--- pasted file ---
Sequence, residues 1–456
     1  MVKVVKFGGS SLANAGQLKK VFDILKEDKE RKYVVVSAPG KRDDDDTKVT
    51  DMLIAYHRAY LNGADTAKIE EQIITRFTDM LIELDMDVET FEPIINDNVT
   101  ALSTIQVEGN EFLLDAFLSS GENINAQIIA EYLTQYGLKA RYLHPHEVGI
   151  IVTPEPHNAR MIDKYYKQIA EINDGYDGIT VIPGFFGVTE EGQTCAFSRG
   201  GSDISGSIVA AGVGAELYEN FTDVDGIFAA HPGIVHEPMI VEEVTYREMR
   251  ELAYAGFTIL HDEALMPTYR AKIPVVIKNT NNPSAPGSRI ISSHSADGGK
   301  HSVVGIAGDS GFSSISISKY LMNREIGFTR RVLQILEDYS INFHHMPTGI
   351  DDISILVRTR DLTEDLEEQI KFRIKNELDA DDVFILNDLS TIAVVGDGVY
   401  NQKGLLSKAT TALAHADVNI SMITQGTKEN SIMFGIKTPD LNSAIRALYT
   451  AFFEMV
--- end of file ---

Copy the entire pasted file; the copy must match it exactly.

Sequence, residues 1–456
     1  MVKVVKFGGS SLANAGQLKK VFDILKEDKE RKYVVVSAPG KRDDDDTKVT
    51  DMLIAYHRAY LNGADTAKIE EQIITRFTDM LIELDMDVET FEPIINDNVT
   101  ALSTIQVEGN EFLLDAFLSS GENINAQIIA EYLTQYGLKA RYLHPHEVGI
   151  IVTPEPHNAR MIDKYYKQIA EINDGYDGIT VIPGFFGVTE EGQTCAFSRG
   201  GSDISGSIVA AGVGAELYEN FTDVDGIFAA HPGIVHEPMI VEEVTYREMR
   251  ELAYAGFTIL HDEALMPTYR AKIPVVIKNT NNPSAPGSRI ISSHSADGGK
   301  HSVVGIAGDS GFSSISISKY LMNREIGFTR RVLQILEDYS INFHHMPTGI
   351  DDISILVRTR DLTEDLEEQI KFRIKNELDA DDVFILNDLS TIAVVGDGVY
   401  NQKGLLSKAT TALAHADVNI SMITQGTKEN SIMFGIKTPD LNSAIRALYT
   451  AFFEMV